The perceived inefficiency of government is often measured against the wholly unsubstantiated myth of the well-oiled corporate machine. The state’s many modules, thought of as shiftlessly unconcerned with the bottom line, are implored by the standard conservative philippic to be “run like a business,” as if real-world businesses are models of sleek efficiency.
The binary framework of American political folklore sees business interests as hermetically sealed from state interests, with the cold orderliness of “professionalism” defining our image of the corporate world. The state, by comparison, is thought to be the sanctum of all the good-hearted, underpaid crusaders for social justice, imprudent with the dollar but well-meaning. Just a passing glance at the actual corporation (as opposed to its idealized image), however, begs for a thorough reconsideration of the prevailing narrative.
In a special feature for CNN.com, Jason Fried, author of the book Rework, challenged the notion of corporate order and productivity. He notes that while “[c]ompanies spend billions on rent, offices, and office equipment so their employees will have a great place to work,” those employees nevertheless prefer to work outside of the “interruption factory” of the modern office, a seedbed of waste and misspent hours. It would seem, then, that the corporate world and the state — whatever their differences — operate in much the same way, squandering resources that might have been put to productive use.
Of those features that we, as libertarians, proclaim to admire most about the free market (e.g., innovation, responsiveness, social utility), most if not all of them are conspicuously absent from America’s multinational monsters. Conceding that the United States’ sweep of cubicles is a muskeg of stifling communication barriers and sinkholes for labor, our inquest ought to focus on why this is, on what conditions give rise to these results. After all, aren’t profit motive and the need to account to stockholders sufficient to incentivize some creative solutions from the country’s boardrooms?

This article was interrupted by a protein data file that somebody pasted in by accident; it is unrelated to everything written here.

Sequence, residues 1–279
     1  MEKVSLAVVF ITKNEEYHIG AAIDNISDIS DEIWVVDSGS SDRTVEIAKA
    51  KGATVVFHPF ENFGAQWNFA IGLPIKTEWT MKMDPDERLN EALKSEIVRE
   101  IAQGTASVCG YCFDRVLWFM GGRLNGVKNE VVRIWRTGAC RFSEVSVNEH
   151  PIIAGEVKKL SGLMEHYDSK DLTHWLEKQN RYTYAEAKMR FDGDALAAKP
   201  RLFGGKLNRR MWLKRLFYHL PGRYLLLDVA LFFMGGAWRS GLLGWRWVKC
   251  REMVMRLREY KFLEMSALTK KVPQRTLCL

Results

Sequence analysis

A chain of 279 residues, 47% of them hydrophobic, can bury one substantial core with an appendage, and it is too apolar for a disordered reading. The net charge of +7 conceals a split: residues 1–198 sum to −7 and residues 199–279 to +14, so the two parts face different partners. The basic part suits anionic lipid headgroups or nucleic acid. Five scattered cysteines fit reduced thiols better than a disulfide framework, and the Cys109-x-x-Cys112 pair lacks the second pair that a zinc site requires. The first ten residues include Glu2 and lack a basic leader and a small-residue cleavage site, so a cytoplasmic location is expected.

It may very well be that these inducements are potentially enough, but — even assuming that’s the case — they are, in today’s corporatist economy, either completely erased or largely alleviated as considerations. In his book Organization Theory, Kevin Carson observes the fundamental difference between the existing corporate economy and the market economy that libertarian anarchists desire. He quotes David Friedman as noting that the American system, the titular situs of “free enterprise,” is actually “largely populated by indigestible lumps of socialism called corporations.”
And as vast, hierarchical institutions defined by a numbness to technological and social change, corporations seem an especially appropriate analogy to the bureaucratic mammoths of state socialism. The largest and most powerful of them, rather than being the most avant-garde or the most reactive to the wants of the humble consumer, are the most inept and incapable of competing in the tempestuous world of untrammeled exchange. In his exhaustive treatise on economics, Human Action, Ludwig von Mises counseled that a “successful corporation is ultimately never controlled by hired managers,” and in a free market that may be true.
In the state-corporate society, though, where status lives in job titles and climbing the corporate ladder, managerial elites enjoy a tight grip on the power. It is no coincidence that they run their companies in much the same way that the state functions, through gradations of authority and arbitrary administrative processes. It isn’t even as though there’s a societal balance between state and corporate interests, implying some polarity between the two. They are very simply elements of the same arrangement, whereby laws like the Williams Act — a securities rule that purports to protect shareholders — regulate away challenges to indolent suits in corner offices.
Just as taxpayers pay and vote for their own bondage, the average corporate nine to fiver finances the bloated salaries of CEOs who drive their companies into the ground only to be salvaged by ever more rule-making that stacks the deck for the Washington-Wall Street cufflink class. It’s no wonder the worker bees of the corporate prison have such low job satisfaction, or that so many seek escape in Big Pharma’s versions of Brave New World’s “soma.”
In this system, with only so many “seats at the table,” human life is defined by meaningless paper-pushing that augments the fortunes of our soi-disant “social betters.” But free markets would besiege corporatism with the energetic inventiveness of an order brought about not by autarchic rules, but by mutual respect and free exchange.